In Memoriam

In memoriam: Herbert Cheung

Lydia Smith
July 8, 2024

Herbert Cheung, a biochemist who specialized in the use of fluorescence technology, died March 28 in his Birmingham, Alabama, home. He had Alzheimer’s disease. He was 93 years old and had been a member of the American Society for Biochemistry and Molecular Biology since 1972. 

informal photo of Herbert Cheung
Herbert Cheung

Cheung was born Dec. 19, 1931, in Canton, China. According to his UAB obituary, Cheung said he believed for most of his life that he was born in 1933 and, upon discovering his earlier birthdate, claimed that he had become two years wiser. 

Cheung’s family moved to Hong Kong to avoid the war between China and Japan, and in 1950 he struck out on his own, moving to the U.S. for college. In 1954, he graduated with a B.A. in chemistry and physics from Rutgers University. He received an M.S. from Cornell in 1956, followed by a Ph.D. in physical chemistry with a minor in physics from Rutgers. He completed a postdoctoral fellowship at the University of San Francisco before accepting a position at the University of Alabama at Birmingham, where he remained until his retirement in 2006. 

Throughout his career, Cheung’s research interests focused on the mechanistic function of skeletal and cardiac muscle, specifically, using fluorescence resonance energy transfer, commonly abbreviated as FRET. Different from light microscopy, which focuses on the structural orientation and function of cells, FRET can identify protein interactions and formation of macromolecular complexes that are required for biological processes to occur inside the cell. It uses molecular dipole–dipole coupling to cause fluorescent transfer from a donor protein to an acceptor protein. Herbert’s lab often used FRET to observe regulatory proteins of cardiac muscle.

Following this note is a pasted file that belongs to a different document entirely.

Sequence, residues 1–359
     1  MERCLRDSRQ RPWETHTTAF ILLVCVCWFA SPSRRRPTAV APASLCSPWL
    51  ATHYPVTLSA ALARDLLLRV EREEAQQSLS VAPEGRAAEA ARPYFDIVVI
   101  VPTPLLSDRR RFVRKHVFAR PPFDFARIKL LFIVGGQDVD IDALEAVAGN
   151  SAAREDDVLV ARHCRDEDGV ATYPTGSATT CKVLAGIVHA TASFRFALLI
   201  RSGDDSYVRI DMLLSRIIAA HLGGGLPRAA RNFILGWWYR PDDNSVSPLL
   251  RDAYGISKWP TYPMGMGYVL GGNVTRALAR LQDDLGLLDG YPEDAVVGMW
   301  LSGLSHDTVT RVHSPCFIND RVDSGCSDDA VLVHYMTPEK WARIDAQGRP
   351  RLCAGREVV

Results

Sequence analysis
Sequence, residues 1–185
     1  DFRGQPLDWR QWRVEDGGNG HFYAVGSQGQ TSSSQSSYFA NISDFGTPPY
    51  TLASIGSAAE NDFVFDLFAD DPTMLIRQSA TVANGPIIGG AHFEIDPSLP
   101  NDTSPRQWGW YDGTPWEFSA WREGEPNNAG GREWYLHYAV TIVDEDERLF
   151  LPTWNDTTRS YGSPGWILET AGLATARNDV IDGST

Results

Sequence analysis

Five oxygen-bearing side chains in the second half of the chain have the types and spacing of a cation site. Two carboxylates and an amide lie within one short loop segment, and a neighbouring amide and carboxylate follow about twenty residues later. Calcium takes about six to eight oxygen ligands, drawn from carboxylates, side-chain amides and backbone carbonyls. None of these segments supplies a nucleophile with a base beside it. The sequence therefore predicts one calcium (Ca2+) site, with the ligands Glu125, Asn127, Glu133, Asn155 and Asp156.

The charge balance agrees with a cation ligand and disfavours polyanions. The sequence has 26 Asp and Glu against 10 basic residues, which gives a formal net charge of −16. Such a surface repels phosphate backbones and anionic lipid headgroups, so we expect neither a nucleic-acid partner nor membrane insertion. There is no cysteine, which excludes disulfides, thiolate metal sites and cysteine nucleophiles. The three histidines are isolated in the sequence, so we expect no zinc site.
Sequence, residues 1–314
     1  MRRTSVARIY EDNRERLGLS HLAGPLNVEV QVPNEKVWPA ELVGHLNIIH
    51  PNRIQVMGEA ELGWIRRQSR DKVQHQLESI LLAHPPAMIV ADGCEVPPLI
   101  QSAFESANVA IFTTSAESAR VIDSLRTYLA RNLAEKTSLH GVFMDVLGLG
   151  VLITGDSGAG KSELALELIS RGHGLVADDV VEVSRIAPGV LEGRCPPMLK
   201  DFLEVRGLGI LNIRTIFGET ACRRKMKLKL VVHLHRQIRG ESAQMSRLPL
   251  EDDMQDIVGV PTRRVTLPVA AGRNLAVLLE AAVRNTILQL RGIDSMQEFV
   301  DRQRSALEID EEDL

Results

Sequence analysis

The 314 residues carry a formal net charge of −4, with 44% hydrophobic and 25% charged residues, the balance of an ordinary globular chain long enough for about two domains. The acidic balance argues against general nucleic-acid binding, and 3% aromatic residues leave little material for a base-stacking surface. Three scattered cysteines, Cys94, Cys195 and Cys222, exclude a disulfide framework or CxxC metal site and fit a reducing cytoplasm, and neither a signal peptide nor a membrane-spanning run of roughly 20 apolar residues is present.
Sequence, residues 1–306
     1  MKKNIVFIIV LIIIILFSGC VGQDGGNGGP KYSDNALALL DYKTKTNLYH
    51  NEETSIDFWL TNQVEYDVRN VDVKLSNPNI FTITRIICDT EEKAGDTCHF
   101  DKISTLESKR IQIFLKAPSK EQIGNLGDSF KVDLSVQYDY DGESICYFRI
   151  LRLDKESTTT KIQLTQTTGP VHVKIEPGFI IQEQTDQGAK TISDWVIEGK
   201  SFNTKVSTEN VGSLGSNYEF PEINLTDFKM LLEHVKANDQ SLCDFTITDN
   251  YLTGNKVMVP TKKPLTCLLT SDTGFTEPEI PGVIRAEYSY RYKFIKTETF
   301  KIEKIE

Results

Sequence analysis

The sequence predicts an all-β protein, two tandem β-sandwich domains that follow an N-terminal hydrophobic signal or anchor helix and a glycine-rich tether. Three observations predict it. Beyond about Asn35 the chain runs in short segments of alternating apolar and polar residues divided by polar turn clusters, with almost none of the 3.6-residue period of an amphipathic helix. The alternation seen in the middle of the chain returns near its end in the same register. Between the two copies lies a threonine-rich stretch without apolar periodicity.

In addition to teaching and research at the university, Cheung served on the editorial board for the Journal of Fluorescence from 1996 to 2000, and he was on the scientific advisory committee for the Center for Fluorescence Spectroscopy at the University of Maryland School of Medicine from 2000 to 2004 and served as the chair of the committee from 2003 to 2008. He contributed to the National Institutes of Health Minority Access to Research Careers program, and had visiting professorships at the University of Puerto Rico in 1982, Dillard University in 1986 and Meharry Medical College in 1988. 

While he was a Ph.D. student, Cheung met Daisy S. Lee, a medical doctor, and the two were married in 1966. Daisy Cheung died on January 26, just two months before her husband. 

Herbert Cheung is survived by two daughters, Sharon Cheung and Melissa Cheung and husband Chris Kern; and two grandchildren, Eli Vielguth and Audrey Vielguth.

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Lydia Smith

Lydia Smith has a B.S. in molecular cell biology and a minor in chemistry, which she received from California State University, Long Beach. She is continuing on to receive her Ph.D. in microbiology and immunology at the University of Utah and is a volunteer contributor for ASBMB Today. 

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